We’re back to formaldehyde and TSCA. And when I am talking ‘grass,’ I’m not talking something you smoke or eat—I’m talking woody fiber like bamboo or rice.
There was a lot of confusion about CARB and its treatment of bamboo flooring in the early days. TSCA has tried to make that very clear by saying that a “veneer” is not just made of wood, but could also be made of a “woody-grass.” The new definition of “veneer” is:
Veneer means a sheet of wood or woody grass with a maximum thickness of 6.4 millimeters (1/4 inch) that is rotary cut, sliced, or sawed from a log, bolt, flitch, block, or culm; including engineered veneer.
EPA further defines “woody grass” as, “a plant of the family Poaceae (formerly Gramineae) with hard lignified tissues or woody parts.”
This removes any confusion regarding engineered bamboo flooring—if you are starting with a plywood, MDF or particleboard platform and add bamboo veneer to it, or if you produce plywood that is constructed of veneers of bamboo, then that product is regulated by TSCA Title VI and is subject to the third-party certification requirements for panel producers and/or laminated product producers, as applicable.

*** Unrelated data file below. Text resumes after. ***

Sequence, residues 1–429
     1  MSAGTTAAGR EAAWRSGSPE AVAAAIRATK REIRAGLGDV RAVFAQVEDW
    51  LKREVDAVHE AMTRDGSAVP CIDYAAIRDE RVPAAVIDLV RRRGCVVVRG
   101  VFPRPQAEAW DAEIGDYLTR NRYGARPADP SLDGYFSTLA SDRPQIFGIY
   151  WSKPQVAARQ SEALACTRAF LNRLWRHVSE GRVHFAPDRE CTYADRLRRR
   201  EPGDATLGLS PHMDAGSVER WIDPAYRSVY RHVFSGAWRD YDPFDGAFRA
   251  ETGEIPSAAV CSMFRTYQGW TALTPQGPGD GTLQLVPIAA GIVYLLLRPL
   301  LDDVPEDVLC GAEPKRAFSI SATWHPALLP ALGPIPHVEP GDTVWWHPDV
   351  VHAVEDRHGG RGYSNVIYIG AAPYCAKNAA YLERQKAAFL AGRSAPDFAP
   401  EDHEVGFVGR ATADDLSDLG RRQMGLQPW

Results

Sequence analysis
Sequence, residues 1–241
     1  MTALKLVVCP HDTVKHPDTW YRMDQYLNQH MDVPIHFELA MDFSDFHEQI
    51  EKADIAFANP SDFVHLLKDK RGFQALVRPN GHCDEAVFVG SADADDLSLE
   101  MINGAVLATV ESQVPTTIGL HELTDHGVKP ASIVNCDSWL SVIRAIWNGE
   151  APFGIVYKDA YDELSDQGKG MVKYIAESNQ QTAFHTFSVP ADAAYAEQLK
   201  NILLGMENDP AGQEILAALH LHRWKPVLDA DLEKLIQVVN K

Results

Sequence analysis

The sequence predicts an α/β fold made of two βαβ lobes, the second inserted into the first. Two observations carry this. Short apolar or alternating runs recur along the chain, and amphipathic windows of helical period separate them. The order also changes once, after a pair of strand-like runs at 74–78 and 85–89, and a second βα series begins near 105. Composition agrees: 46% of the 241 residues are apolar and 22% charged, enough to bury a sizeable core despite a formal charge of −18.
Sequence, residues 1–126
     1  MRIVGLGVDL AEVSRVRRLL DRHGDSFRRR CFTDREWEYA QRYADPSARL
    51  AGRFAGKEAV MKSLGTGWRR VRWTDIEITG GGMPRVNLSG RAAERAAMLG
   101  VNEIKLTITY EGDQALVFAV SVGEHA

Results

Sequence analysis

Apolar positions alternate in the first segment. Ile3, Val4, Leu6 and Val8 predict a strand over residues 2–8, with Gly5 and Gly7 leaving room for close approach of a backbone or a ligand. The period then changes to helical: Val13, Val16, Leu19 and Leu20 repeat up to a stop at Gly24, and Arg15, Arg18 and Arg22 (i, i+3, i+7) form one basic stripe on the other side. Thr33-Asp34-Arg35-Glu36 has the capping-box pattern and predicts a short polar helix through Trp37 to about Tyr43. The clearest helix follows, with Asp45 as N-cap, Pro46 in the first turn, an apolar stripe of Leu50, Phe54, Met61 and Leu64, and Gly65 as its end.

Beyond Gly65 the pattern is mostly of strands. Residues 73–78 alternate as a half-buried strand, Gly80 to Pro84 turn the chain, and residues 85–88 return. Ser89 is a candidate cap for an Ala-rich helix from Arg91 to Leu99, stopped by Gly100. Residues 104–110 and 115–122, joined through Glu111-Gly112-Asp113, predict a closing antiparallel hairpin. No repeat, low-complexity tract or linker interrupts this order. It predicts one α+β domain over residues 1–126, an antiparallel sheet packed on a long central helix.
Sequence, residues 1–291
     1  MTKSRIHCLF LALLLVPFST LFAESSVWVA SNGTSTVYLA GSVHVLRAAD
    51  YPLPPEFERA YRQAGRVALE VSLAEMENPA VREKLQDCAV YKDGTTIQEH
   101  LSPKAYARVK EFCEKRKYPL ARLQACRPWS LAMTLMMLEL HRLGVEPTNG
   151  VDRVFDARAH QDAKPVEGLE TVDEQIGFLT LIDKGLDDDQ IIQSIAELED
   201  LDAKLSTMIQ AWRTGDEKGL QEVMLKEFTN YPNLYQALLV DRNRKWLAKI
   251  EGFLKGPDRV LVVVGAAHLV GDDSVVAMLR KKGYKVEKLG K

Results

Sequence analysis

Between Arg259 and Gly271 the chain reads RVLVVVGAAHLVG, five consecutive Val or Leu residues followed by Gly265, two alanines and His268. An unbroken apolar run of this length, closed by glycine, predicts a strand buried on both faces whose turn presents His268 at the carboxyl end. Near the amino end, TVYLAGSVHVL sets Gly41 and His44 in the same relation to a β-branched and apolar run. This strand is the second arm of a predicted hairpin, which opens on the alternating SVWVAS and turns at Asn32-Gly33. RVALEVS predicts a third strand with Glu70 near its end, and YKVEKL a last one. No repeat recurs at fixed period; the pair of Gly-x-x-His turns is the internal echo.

As a note, what the industry calls “Solid” bamboo (vertical, horizontal) and “Strand bamboo” are still out of scope of TSCA because these products are constructed using different means and do not meet the EPA or CARB definitions of hardwood plywood, MDF, or particleboard.
And finally, CARB is expected to modify its definitions of veneer in the next update to match the EPA.